August: Osage countyRemembering Mom. Oscar is going to shake his head as to where to begin.
Stars: Meryl Streep, Julia Roberts, Margo Martindale, Chris Cooper, Ewan McGregor, Abigail Breslin, Benedict Cumberbatch, Juliette Lewis, Dermot Mulroney, Misty Upham and Sam Shepard
Director: John Wells
Scriptwriter: Tracy Letts based on her play of the same name
Cinematographer: Adriano Goldman
Composer: Gustavo Santaolalla
The Weinstein Company
Rating: mature themes and language
Running Length: 120 minutes
What an all-star cast in this film adaptation of Tracy Lett’s play about a dysfunctional family meeting after the death of a family member. Anyone who has gone through this can find someone, or several people, who could be in their own family. Sisters quarreling and then their children quarreling, husbands patient and then erupting, use of drugs and alcohol, and all this is placed in front of the audience to observe. Patterns are set from years past and just keep rolling along. The only thing that changes is the type of alcohol or drug available in that generation. It is a good piece of writing, acting and cinematography, plus, the plains of Oklahoma have never looked so good. No tornados in sight.
We meet Meryl, diagnosed with cancer, who is married to Sam and in their marriage, he accommodates her moods and substance abuse. Daughters Julia, Julianne and Juliette stay as far from home as possible and each with their own situation. Julia has a trying marriage with Ewan and they have a daughter, Abigail. Julianne is single but interested in Benedict. Juliette goes from man to man with Dermot being the latest one. In Meryl’s family, there is her sister, Margo who is married to Chris and their son is Benedict. Misty is the housekeeper for Meryl and Sam. Now, the road map is set and the story goes with the death of a family member, and the family gathering for the funeral and bickering starts about the will. You can see the toll Meryl, as the matriarch, exacts with her precision comments designed to hurt as she must hurt inside. You just know there will be a confrontation sometime with someone. The formal facade of civility ends with “Amen” and past differences and just plain nosiness continues. With most of the scenes, there is a window or door that shows the Oklahoma prairie as though it were part of this group, flat and endless.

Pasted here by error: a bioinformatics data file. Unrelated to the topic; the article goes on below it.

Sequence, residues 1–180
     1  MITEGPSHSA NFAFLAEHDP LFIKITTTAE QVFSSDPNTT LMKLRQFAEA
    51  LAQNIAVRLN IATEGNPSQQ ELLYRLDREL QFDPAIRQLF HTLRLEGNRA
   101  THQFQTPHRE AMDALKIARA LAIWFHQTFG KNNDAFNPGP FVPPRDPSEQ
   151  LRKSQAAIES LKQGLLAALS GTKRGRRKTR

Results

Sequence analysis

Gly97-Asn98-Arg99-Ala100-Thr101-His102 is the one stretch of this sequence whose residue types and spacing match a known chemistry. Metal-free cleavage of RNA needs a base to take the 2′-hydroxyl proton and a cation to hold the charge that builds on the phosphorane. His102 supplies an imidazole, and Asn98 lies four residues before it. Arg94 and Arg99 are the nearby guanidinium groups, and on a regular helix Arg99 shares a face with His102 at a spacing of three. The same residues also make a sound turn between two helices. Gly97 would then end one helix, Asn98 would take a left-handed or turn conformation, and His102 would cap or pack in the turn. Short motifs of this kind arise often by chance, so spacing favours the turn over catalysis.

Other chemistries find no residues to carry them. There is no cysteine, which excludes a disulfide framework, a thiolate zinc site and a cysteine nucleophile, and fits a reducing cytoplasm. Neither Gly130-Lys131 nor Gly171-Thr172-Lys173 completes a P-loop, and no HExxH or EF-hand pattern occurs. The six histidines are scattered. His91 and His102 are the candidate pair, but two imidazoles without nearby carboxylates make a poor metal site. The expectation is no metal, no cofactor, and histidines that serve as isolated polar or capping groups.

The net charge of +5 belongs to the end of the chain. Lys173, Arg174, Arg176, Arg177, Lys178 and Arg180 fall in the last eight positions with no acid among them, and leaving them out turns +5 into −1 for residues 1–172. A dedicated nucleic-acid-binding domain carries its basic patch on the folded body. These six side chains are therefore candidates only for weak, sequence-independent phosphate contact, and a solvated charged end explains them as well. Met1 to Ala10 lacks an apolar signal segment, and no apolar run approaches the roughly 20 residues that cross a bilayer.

Meryl’s addictions begin again, and her wig goes on and off. This is one actress who goes wholeheartedly into a role. Margo, as her sister, seems to be able to calm her. Julie is bitter about the drug use and takes her anger out on Abigail and Ewan, who tolerate her (sound familiar here?) Julianne tries to keep a secret of seeing Benedict and Juliette (the bouncy one whose one goal is to have a honeymoon in the tropics) gets on everyone’s nerves. Gradually, family secrets come forth which fuel the fire for more heated discussions and the dinner table is the cause of much heartburn in more ways than one. This is like a ride into Who’s Afraid Of Virginia Woolf.
As far as acting, Oscar is going to shake his head as to where to begin. Meryl Streep pulls out all the stops as a woman whose middle name must be “hateful.” Julia Roberts, as the older daughter, takes it upon herself to cope with Mom and their scenes are not friendly, but confrontations. Meryl’s daughters, Julianne Nicholson and Juliette Lewis have learned to be shy and withdrawn (Julianne) and man-crazy (Juliette) Julia’s daughter (Abigail Breslin in an adult role) is trying her wings into adulthood and dad, Ewan McGregor (mostly with an American accent) tries to accommodate her, but needs Julia's help, too. Margo Martindale has learned that a joke is the best way out of a situation, but she, too, has an agenda. Her husband, the wonderful Chris Cooper, has a particular scene all to himself that just says it all about life in this family. Benedict Cumberbatch (BBC television’s “Sherlock Holmes” and when does this man sleep, he seems to be in every movie opening this fall/winter season) is Margo’s son, who can't seem to get anything right. A different role from Sherlock. All in all, the group blends into a whole unit to present this story.
I have not seen August: Osage County the play, so don't know how much of it is in the film’s screenplay, but I suspect most of it. A dysfunctional family that is a living thing and tries to keep itself going even though parts of it are dead, dying, sick or ready to leave. Like an organism, it is the sum of its parts and here, it is existence in rural Oklahoma.
Copyright 2014 Marie Asner
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